AJ cartoonist Louis Hellman predicts new PM Boris Johnson’s next grands projets
AJ readers will remember how the £20,000 cheque for winning the RIBA Stirling Prize disappeared in 2013, meaning Witherford Watson Mann walked away without any cash for its justly lauded Astley Castle refurb. It was the first time since the prize for the UK’s best building was launched in 1996 that the victors had not come away with a windfall.
The Scots, meanwhile, were still offering £25,000 for the RIAS Andrew Doolan Best Building in Scotland Award. Backed by the Scottish government and the Doolan family, the RIAS regularly bragged that the award was the ‘richest prize’ in British architecture.
This undoubtedly remains true, given that the RIBA Stirling Prize still offers no cash. Yet the eagle-eyed will have spotted that the value of the Doolan Prize winner’s cheque has been slashed to £10,000. Bad news for Kengo Kuma, Rogers Stirk Harbour + Partners, Reiach and Hall et al, who are vying for the 2019 gong.
Perhaps they will take consolation that the money is, at least, going to support the greater architectural good.
A RIAS spokesperson said: ‘The reduction in prize money allows a greater proportion of the budget to be directed towards the promotion of the shortlist and winner, in order to widen its public impact.’
It’s all about the taking part.
Norman has (not) left the building
There was consternation last month when official documents from Companies House showed the termination of Norman Foster’s reign as director of Foster + Partners Group.
Did this signal the end of an era? Was Lord Foster leaving office to spend more time with his inflatable unicorn? Had the Gherkin designer quit in a fit of pique over the tanked Tulip?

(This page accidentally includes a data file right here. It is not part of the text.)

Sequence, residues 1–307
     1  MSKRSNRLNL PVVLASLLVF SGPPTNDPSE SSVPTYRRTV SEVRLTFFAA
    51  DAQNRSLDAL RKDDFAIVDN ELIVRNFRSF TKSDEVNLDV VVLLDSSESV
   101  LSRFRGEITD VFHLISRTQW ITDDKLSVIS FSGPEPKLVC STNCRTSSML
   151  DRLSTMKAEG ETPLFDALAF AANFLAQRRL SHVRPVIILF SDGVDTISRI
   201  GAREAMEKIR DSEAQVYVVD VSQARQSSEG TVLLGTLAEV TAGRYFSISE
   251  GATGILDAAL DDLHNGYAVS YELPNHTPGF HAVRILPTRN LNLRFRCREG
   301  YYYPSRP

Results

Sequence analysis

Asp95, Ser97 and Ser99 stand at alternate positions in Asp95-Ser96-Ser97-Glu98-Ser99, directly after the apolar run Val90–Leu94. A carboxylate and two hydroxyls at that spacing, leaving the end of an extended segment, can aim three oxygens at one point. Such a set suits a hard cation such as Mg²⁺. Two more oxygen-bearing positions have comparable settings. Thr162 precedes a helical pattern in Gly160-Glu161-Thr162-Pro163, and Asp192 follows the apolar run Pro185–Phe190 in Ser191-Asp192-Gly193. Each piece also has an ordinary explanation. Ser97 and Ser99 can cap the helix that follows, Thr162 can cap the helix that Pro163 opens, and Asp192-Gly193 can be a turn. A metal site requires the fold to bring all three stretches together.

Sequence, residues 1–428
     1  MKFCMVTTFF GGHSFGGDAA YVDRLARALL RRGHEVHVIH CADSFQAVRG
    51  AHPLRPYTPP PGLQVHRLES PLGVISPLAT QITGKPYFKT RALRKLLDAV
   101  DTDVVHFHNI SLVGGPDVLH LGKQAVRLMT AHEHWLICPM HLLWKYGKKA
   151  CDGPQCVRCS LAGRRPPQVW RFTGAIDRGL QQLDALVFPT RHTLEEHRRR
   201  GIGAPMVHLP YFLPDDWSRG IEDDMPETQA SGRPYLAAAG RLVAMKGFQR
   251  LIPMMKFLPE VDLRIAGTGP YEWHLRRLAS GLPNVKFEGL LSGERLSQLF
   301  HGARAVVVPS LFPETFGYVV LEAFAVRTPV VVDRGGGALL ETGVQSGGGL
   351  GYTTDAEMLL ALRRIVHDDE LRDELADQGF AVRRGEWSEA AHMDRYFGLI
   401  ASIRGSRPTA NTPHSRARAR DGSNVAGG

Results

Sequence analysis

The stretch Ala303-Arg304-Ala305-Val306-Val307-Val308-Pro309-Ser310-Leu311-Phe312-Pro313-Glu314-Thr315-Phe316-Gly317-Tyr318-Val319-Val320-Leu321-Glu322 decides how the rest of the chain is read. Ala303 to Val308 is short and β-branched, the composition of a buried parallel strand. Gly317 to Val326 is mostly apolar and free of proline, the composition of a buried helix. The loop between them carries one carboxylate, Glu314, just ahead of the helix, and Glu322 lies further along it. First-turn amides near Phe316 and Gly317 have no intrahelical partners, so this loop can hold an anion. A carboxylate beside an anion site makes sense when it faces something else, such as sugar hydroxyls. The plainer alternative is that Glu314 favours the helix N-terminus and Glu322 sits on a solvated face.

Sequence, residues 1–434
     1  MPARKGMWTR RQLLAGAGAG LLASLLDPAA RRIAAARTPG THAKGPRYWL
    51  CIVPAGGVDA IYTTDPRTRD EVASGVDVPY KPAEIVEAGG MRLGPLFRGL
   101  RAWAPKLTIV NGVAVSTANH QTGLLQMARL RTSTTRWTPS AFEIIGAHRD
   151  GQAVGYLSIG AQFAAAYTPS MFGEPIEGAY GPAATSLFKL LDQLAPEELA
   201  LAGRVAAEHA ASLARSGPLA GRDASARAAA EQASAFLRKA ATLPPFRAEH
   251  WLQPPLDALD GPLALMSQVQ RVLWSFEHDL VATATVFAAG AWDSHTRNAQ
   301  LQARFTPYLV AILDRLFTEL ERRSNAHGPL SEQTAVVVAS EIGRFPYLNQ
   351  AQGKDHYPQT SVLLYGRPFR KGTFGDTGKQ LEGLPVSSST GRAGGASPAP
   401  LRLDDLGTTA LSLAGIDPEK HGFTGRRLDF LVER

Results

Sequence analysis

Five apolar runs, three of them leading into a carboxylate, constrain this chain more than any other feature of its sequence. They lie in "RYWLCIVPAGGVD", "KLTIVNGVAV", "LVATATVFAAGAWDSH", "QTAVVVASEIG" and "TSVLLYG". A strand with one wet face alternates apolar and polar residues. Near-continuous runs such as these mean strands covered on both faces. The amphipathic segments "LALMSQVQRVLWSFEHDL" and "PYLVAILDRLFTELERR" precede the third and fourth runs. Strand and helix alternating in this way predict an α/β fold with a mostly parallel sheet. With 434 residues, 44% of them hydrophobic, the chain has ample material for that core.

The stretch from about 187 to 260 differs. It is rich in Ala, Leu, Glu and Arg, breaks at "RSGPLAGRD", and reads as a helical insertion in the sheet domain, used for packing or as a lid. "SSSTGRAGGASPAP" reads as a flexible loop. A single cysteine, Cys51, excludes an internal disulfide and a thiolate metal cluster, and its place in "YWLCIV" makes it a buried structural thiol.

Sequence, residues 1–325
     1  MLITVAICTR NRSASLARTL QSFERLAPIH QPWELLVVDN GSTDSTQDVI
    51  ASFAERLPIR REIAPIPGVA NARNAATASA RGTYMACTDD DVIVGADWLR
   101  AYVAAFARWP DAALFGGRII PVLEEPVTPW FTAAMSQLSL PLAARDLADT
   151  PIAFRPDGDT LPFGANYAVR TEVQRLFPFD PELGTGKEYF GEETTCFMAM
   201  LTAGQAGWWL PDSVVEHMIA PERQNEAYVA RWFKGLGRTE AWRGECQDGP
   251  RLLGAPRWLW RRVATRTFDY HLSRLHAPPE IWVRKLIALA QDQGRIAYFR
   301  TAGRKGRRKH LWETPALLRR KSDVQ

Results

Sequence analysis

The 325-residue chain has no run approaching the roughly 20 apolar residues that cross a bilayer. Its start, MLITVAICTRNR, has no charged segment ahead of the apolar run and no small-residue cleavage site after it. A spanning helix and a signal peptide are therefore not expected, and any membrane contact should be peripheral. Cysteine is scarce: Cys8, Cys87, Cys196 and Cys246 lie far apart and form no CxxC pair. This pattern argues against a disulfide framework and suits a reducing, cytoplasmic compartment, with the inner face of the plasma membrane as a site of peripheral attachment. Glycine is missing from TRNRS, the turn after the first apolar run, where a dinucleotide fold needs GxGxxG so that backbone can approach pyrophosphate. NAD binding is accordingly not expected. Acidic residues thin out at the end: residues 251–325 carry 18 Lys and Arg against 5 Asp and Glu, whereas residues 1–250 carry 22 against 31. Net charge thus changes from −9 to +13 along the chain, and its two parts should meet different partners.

Apparently not. From Foster + Partners Holdings comes news of the appointment of one Norman Foster as director. It turns out it’s all about spreading ownership of the UK’s biggest architecture practice as part of the succession plan for the business.
A Fosters spokesperson told Astragal: ‘The shareholder base has been strengthened, transferring ownership of shares in the practice among its new and existing 159 partners. This will provide a sustainable structure for the future. In doing so, it maintains total ownership by the partners and frees up shares for the next generation.’
Source: Rael San Fratello
The global media was gleeful last week about a quirky, playful challenge to US president Donald Trump’s increasingly isolationist stance – pink seesaws (‘teetertotters’ in American) mounted through a small section of the wall between Mexico and the USA.
The fun but provocative scheme was designed by Ronald Rael and Virginia San Fratello, co-founders of Californian architecture practice Rael San Fratello, who posted images of children and adults on either side of the border playing on the temporary installation.
The event was widely reported as a show of togetherness and defiance against Trump’s plans to build a wall across the entire length of the border.
Rael wrote on Instagram that the installation was ‘one of the most incredible experiences of my and [San Fratello’s] career’. Dubbing the event the Teetertotter Wall, Rael said it was ‘filled with joy, excitement and togetherness’.
‘The wall became a literal fulcrum for US-Mexico relations and children and adults were connected in meaningful ways on both sides with the recognition that the actions that take place on one side have a direct consequence on the other.’
Louvre: non merci
The Louvre in Paris has removed the Sackler name from its Near Eastern Antiquities wing, due to the philanthropist family’s links to the epidemic of opioid deaths in the USA. The museum removed the name after a protest by US art photographer and activist Nan Goldin. The Sackler family is contesting lawsuits from US states and cities over its promotion of the painkiller OxyContin in the 1990s. The Sackler name is perhaps best known in the UK for its philanthropic support for London’s Serpentine Sackler Gallery, renovated and extended by the late Zaha Hadid. When asked, a Serpentine Gallery spokesperson said it had ‘no plans’ to remove the name.